THE number of coronavirus patients to die in Scotland has risen to 126.

That is an increase of 50 on yesterday's figures, but the First Minister said 40 of the deaths did not take place in the last 24 hours and were due to a delay in figures being reported.

The number of cases has also risen to 2602, as of 2pm today.

A total of 18,128 tests have taken place, with 15,526 coming back negative.

At a briefing at St Andrew's House in Edinburgh, Nicola Sturgeon said that 162 people were in intensive care with Covid-19.

The First Minister described coronavirus as a "cruel virus" as people are not allowed to spend time with loved ones in hospital.

She said that 40 deaths had not been reported due to "family liaison" issues, but it would not be correct to say they had happened in the past 24 hours.

A new reporting system would be put in place, meaning the daily figure of confirmed deaths will not rely solely on health boards, but will also include data from the National Records of Scotland (NRS) death registration process.

As of next week, NRS will also begin to report on deaths where Covid-19 is mentioned on the death certificate.

The First Minister said the Scottish Government was trying to be as "transparent as possible".

Current tests, she said, can identify cases of Covid-19 but will be unable to detect the virus in the incubation period or if someone has previously had it.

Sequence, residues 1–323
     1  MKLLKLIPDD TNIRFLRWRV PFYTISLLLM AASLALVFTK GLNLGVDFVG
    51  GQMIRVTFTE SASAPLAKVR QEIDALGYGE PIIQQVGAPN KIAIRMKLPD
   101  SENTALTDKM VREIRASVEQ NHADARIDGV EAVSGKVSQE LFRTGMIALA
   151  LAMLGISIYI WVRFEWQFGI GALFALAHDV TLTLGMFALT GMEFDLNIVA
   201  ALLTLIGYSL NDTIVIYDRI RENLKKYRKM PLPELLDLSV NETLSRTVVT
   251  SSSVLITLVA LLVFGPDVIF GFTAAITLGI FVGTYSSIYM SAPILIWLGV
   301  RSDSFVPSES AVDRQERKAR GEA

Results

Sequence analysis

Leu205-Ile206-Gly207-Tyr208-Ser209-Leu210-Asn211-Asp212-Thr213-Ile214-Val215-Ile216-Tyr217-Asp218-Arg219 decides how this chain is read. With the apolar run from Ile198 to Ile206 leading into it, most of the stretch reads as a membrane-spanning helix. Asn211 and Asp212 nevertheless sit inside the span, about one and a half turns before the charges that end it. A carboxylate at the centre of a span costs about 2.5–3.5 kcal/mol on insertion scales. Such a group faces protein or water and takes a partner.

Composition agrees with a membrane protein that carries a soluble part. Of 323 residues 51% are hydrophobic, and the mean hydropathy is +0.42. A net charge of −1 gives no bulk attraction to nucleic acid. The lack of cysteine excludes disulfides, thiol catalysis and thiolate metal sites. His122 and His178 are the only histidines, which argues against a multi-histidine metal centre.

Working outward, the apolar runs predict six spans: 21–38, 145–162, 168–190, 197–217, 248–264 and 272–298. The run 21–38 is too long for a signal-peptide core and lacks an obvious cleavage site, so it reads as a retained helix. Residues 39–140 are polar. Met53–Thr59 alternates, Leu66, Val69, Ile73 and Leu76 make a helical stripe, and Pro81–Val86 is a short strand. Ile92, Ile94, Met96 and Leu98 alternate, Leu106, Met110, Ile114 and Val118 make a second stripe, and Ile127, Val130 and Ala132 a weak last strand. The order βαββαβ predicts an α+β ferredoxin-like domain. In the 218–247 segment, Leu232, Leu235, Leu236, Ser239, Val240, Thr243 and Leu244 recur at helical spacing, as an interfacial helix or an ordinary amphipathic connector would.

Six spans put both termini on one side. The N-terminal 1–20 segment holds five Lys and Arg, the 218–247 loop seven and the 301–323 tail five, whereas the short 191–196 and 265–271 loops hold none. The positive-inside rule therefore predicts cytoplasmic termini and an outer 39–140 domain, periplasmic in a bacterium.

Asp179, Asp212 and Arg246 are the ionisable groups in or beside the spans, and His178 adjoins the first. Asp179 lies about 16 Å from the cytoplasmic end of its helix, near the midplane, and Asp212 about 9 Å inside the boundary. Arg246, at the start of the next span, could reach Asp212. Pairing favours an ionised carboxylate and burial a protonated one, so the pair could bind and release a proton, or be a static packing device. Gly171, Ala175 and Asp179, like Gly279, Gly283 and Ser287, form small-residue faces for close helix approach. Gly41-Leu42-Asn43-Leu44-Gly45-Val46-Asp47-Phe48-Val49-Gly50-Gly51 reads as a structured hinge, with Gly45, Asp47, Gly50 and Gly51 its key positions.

The Scottish and UK Governments are working on a more thorough antibody test, Sturgeon said.

Meanwhile, figures from the UK Department of Health show the number of coronavirus patients in the UK to die has risen by 569 to 2921.

The number of confirmed cases has risen by 4244 to 33,718.

Also speaking at the Scottish briefing, chief medical officer Catherine Calderwood said compliance with lockdown measures could mean they are lifted in three months.

She said: "What we do know from the scientific evidence is that if people are stringently obeying these new rules, these very difficult rules ... we are then able to slow the spread of this transmission.

"The more we comply, the better that those measures are going to reduce the transmission of the virus and that length of time, at least 13 weeks, we would be able to lift some of those measures potentially after that three month period."

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